It measures 28″ high with a 12″ width at the top and tapering to 9 1/2″ at the bottom, but it could be duplicated in a smaller form.
We juried this piece and were situated with a couple of other lighting pieces that were equally beautiful; a stained glass and wood floor lamp and an antler chandelier. We would like to suggest that the conference include a lighting category in the future; there are so many options for materials.
We connected with old friends and made new ones at this conference, found ourselves awed each day by something new we experienced in the talent at the show, and admired the skills of so many artisans and craftsmen. Mike’s wheels are already turning on the next project he will design if we return next year.
We enjoyed our stay with friends from our desert, who summer in Jackson-their long time home. And who wouldn’t find this view refreshing?
Has your summer inspired new ideas for home décor projects you’re ready to begin? Please tell us about them in the comments below.
We use antlers and skulls from cattle and buffalo to create focal points and frame artwork.
Symbols of the enduring hard edges of a rough environment. Reminders of the resiliency of the inhabitants.
Next month, from September 4-7, will mark the 22nd annual Western Design Conference in Jackson Hole, Wyoming and we will be participating artists there. We look forward to seeing the incredible pieces of art that represent the West-old and new.
What is your favorite piece of Western Art? Do you mix it up with other styles in your home? Let us know in the comments below. Thanks.
The things we collect. Mike and I love all things old and rusty. The things that bring us a connection with the past- ours and our culture’s. A friend recognized that obsession in us, and gave Mike a really cool Barbed Wire collection.
The tags on the collection say the collector was Phil Smith, of the California Barbed Wire collectors Association, and the display was part of a challenge from TheAmerican Barbed Wire Journal titled- “1868-1968- 100 Years of barbed wire.”
The back of the label reads, “It’s been said that the most important factors in the taming of the West were barbed wire, the six shooter, and the windmill. There are over 1000 known types of barbed wire with a story behind every fence. Why don’t you see how many 18″ lengths you can collect to keep abreast of the phenominal wire collecting hobby.” The American Barbed Wire Journal.
This collection is varied, from old pieces of wood mounted to the wire, to plastic wrapped with most likely, aluminum barbs. It’s mounted on a piece of carpet and easily stored. But who would want to store such a work of art? We’ve got to find a place to display this collection. It needs to hang up away from little hands and curious K9s. These barbs are serious. Some of them 1/2 inch long. I’m wondering if they were intended to keep cattle in or predators out? Maybe both.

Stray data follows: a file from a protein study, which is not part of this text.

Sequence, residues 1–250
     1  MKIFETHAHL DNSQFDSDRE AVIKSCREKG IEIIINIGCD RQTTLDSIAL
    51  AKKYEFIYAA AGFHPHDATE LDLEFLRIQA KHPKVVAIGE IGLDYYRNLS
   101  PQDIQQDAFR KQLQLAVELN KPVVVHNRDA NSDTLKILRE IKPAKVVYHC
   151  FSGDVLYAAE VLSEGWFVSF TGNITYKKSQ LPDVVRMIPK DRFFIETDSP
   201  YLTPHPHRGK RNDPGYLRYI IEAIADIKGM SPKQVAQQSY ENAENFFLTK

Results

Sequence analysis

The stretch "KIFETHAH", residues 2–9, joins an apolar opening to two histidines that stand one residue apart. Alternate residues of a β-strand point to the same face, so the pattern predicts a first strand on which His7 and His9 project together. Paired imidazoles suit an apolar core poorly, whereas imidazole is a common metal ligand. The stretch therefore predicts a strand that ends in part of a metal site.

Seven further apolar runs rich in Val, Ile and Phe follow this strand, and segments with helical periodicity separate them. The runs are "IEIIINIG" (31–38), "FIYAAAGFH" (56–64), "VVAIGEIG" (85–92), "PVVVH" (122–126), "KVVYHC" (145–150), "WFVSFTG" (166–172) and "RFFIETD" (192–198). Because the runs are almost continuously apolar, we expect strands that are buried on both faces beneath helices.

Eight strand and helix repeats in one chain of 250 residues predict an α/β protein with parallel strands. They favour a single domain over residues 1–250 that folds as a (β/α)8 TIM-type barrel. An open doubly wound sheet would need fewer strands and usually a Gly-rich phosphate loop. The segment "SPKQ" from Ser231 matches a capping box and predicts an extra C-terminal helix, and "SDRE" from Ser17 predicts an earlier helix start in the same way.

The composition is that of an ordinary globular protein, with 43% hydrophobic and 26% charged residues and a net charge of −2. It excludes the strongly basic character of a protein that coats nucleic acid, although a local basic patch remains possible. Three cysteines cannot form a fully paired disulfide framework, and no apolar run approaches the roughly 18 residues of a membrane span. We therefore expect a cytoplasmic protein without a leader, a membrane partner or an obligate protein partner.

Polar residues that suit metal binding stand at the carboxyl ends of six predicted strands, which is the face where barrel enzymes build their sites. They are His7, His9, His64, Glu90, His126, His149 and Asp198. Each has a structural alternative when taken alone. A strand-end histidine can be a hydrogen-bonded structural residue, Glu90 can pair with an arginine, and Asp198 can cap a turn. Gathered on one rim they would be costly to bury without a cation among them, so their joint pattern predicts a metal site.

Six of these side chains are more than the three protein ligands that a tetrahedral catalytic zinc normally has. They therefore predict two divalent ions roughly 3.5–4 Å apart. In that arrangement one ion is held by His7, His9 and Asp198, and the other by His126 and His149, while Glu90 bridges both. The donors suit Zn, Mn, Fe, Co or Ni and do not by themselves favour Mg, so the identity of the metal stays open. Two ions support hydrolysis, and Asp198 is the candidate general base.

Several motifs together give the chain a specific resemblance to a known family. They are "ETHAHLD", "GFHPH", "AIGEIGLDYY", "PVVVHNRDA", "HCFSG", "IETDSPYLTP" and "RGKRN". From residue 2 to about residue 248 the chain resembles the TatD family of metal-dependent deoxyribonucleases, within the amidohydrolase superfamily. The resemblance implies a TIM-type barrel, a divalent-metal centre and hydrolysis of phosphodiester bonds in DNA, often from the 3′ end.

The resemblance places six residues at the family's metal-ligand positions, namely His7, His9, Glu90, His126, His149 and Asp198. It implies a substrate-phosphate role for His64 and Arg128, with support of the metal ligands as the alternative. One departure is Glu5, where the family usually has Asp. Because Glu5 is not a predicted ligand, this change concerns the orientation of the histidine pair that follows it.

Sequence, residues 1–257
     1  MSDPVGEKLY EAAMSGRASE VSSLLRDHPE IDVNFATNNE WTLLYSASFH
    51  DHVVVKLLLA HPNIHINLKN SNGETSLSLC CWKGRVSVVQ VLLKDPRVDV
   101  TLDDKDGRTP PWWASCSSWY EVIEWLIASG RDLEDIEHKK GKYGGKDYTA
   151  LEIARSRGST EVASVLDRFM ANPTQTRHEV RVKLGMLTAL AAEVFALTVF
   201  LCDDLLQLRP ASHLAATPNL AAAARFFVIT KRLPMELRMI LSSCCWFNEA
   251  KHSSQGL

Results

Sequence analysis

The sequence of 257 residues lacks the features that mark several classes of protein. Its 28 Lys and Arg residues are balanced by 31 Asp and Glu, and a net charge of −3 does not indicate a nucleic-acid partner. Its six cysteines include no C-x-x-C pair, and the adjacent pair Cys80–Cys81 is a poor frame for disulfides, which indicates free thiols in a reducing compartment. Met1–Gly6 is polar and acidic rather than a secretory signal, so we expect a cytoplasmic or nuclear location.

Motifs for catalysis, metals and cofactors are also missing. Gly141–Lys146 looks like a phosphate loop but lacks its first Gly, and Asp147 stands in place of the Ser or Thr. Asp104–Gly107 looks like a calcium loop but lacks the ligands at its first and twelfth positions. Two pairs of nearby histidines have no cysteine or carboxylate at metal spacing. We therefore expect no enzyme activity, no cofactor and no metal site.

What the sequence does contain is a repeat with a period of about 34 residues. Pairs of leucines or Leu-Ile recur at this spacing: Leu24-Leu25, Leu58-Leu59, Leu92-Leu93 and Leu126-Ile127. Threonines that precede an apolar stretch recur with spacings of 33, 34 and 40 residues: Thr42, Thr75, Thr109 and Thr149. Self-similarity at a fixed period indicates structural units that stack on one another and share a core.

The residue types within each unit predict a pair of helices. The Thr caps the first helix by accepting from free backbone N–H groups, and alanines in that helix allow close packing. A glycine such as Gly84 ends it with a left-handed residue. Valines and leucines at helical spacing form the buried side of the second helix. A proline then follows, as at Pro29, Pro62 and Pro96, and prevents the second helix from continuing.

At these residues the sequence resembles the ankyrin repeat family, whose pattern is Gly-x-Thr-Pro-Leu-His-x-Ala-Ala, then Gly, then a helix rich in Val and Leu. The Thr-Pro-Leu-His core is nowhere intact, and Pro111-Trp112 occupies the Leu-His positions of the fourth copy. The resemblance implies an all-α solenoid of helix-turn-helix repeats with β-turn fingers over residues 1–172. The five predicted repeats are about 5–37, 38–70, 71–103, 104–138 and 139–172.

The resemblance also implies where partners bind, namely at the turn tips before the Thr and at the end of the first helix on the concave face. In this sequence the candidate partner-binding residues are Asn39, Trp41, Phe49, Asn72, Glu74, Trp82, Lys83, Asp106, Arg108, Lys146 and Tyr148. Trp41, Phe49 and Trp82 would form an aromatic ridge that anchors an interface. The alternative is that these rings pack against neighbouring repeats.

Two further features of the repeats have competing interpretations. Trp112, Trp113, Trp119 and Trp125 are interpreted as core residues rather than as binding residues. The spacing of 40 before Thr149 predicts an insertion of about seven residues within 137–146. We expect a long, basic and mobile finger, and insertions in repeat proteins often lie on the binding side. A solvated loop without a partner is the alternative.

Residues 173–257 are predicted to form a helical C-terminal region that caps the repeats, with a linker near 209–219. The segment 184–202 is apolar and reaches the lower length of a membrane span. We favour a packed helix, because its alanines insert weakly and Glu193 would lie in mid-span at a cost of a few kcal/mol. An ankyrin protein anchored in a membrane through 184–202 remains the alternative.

I’ve worked with barbed wire before to create wreaths. It isn’t easy to shape or gather so I can imagine the struggle a rancher would have had stretching this very sharp wire on fence posts for miles on end. Both of my Grandfathers were just such ranchers and I wrote about one of them here. The West was and still is a rugged and wild place. It takes perseverance to stick out the cold winters and the long scorching summers. This barbed wire collection is a reminder that someone believed the challenge was worth it.
What do you collect to keep the history of your little slice of the planet alive, and how do you display it? Please share it in the comments below.
Part of being a maker is being asked to “Make this work again”. Repairing broken artwork is scary, whether it’s glass, metal or wood. Undoing is always risky, and there is the pressing chance that the repair will not be successful. Then what? Start from scratch? Well sometimes that would be the easier way.
There is the essence of the art to preserve, the uniqueness to keep in perspective. Usually there is a measure of strengthening; shoring up to work into the project. And it is especially difficult if it is someone else’s art we’ve been asked to repair.
Sometimes a customer believes that since the repair is only a small part of the project- it should go quickly and therefore, cost should be minimal. As anyone knows who has taken something apart and put it back together, the time factor is huge and should be considered. If it really was as easy as pie, “you wouldn’t be bringing it to us for repair, would you?”
Most people really are aware of the difficulty and are patient, and willing to pay for the time involved. I recreated a piece for some friends that gave me new motivation when it was finished. They had purchased a beautiful gemstone inlaid globe in a copper stand. It was damaged in shipping and they asked if I could reproduce the shattered compass point. It was a huge challenge but one that lifted my confidence when it was done. They were happy and I learned some new math skills in the process- a win for both of us.
My workbench is full, right now, of pieces I’ve been asked to repair, and that seems to be the time my mind soars with new ideas I would like to undertake. But nevertheless; I must get to those restorations. They can be the test of a persevering spirit, a resolute challenge.
And when they are finished . . . Oh the sigh of relief.
Do you have repair projects of your own that you have been putting off? How do you motivate yourself to get crackin’? Tell us about them in the comments below.